by Niall Ferguson
In this book I want to show that what distinguished the West from the Rest – the mainsprings of global power – were six identifiably novel complexes of institutions and associated ideas and behaviors. For the sake of simplicity, I summarize them under six headings:
3. Property rights
5. The consumer society
6. The work ethic
To use the language of today’s computerized, synchronized world, these were the six killer applications – the killer apps – that allowed a minority of mankind originating on the western edge of Eurasia to dominate the world for the better part of 500 years.
Now, before you indignantly write to me objecting that I have missed out some crucial aspect of Western ascendancy, such as capitalism or freedom or democracy (or for that matter guns, germs and steel), please read the following brief definitions:
1. Competition – a decentralization of both political and economic life, which created the launch-pad for both nation-states and capitalism.
2. Science – a way of studying, understanding and ultimately changing the natural world, which gave the West (among other things) a major military advantage over the Rest.
3. Property rights – the rule of law as a means of protecting private owners and peacefully resolving disputes between them, which formed the basis for the most stable form of representative government.
4. Medicine – a branch of science that allowed a major improvement in health and life expectancy, beginning in Western societies, but also in their colonies.
5. The consumer society – a mode of material living in which the production and purchase of clothing and other consumer goods play a central economic role, and without which the Industrial Revolution would have been unsustainable.
6. The work ethic – a moral framework and mode of activity derivable from (among other sources) Protestant Christianity, which provides the glue for the dynamic and potentially unstable society created by apps 1 to 5.
Make no mistake: this is not another self-satisfied version of ‘The Triumph of the West’. I want to show that it was not just Western superiority that led to the conquest and colonization of so much of the rest of the world; it was also the fortuitous weakness of the West’s rivals. In the 1640s, for example, a combination of fiscal and monetary crisis, climate change and epidemic disease unleashed rebellion and the final crisis of the Ming dynasty. This had nothing to do with the West. Likewise, the political and military decline of the Ottoman Empire was internally driven more than it was externally imposed. North American political institutions flourished as South America’s festered; but Simon Bolivar’s failure to create a United States of Latin America was not the gringo’s fault.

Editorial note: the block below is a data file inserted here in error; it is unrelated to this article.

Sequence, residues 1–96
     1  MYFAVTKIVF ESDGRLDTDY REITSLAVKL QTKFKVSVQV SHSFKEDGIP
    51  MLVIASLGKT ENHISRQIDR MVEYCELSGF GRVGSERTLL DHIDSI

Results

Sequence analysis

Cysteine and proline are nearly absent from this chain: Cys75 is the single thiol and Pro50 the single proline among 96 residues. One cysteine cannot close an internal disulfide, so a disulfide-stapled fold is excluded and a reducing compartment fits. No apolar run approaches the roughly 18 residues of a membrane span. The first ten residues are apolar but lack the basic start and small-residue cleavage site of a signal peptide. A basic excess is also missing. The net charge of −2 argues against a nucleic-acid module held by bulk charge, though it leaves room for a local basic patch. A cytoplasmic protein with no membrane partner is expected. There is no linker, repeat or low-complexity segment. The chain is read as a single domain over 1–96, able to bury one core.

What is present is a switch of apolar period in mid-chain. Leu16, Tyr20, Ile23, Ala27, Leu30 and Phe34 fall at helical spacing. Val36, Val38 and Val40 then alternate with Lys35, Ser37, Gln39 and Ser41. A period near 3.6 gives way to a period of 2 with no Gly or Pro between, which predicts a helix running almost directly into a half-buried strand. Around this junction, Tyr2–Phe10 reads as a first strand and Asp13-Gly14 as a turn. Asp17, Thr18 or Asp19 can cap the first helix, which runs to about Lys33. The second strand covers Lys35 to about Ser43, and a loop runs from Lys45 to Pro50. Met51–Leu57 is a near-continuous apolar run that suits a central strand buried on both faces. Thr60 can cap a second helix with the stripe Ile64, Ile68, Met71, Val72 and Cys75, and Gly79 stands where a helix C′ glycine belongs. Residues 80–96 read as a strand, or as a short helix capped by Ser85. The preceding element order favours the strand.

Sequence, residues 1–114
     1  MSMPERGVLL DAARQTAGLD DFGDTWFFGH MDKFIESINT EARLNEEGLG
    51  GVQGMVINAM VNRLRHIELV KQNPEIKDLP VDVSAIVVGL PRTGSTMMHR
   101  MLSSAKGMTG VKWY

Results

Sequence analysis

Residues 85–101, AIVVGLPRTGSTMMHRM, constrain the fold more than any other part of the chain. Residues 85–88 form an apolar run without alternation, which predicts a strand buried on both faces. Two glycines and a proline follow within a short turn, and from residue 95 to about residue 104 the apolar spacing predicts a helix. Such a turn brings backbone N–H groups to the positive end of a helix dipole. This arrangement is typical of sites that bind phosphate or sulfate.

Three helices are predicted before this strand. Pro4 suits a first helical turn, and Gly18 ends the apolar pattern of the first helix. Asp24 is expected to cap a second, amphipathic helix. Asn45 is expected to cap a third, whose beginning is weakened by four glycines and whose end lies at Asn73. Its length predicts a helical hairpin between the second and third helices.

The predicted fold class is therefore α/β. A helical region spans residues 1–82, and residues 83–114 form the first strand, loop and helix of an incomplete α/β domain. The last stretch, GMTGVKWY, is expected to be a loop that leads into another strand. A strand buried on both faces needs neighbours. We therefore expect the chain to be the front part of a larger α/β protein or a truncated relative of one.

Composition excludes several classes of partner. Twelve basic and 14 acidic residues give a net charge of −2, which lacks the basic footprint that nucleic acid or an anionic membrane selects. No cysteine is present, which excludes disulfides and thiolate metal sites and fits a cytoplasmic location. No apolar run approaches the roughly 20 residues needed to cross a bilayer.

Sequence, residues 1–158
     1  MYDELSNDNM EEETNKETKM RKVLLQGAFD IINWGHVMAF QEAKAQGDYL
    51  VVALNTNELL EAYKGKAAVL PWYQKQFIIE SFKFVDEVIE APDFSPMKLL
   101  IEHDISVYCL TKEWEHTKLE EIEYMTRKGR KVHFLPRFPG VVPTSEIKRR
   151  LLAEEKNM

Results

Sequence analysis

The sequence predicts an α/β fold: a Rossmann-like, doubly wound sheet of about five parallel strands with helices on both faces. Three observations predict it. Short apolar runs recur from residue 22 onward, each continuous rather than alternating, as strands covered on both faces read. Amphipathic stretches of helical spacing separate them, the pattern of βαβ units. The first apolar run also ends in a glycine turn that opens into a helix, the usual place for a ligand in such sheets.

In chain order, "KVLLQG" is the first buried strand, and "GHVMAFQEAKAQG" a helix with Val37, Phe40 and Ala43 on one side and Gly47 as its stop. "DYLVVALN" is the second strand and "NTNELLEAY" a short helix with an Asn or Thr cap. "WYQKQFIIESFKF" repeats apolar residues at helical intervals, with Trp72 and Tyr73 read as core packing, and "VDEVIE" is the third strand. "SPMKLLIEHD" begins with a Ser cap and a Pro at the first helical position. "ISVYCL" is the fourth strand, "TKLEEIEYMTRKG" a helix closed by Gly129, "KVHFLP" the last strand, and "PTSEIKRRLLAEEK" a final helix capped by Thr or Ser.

The critical point is that the differential between the West and the Rest was institutional. Western Europe overtook China partly because in the West there was more competition in both the political and the economic spheres. Austria, Prussia and latterly even Russia became more effective administratively and militarily because the network that produced the Scientific Revolution arose in the Christian but not in the Muslim world. The reason North America’s ex-colonies did so much better than South America’s was because British settlers established a completely different system of property rights and political representation in the North from those built by Spaniards and Portuguese in the South. (The North was an ‘open access order’, rather than a closed one run in the interests of rent-seeking, exclusive elites.) European empires were able to penetrate Africa not just because they had the Maxim gun; they also devised vaccines against tropical disease to which Africans were just as vulnerable.
In the same way, the earlier industrialization of the West reflected institutional advantages: the possibility of a mass consumer society existed in the British Isles well before the advent and spread of steam power or the factory system. Even after industrial technology was almost universally available, the differential between the West and the Rest persisted; indeed, it grew wider. With wholly standardized cotton-spinning and weaving machinery, the European or North American worker was still able to work more productively, and his capitalist employer to accumulate wealth more rapidly, than their Oriental counterparts. Investment in public health and public education paid big dividends; where there was none, people stayed poor. This book is about all these differences – why they existed and why they mattered so much.
From “Civilization: The West and the Rest” by Niall Ferguson. Reprinted by arrangement of Penguin Press, a member of Penguin Group (USA), Inc. Copyright (c) 2011 by Niall Ferguson.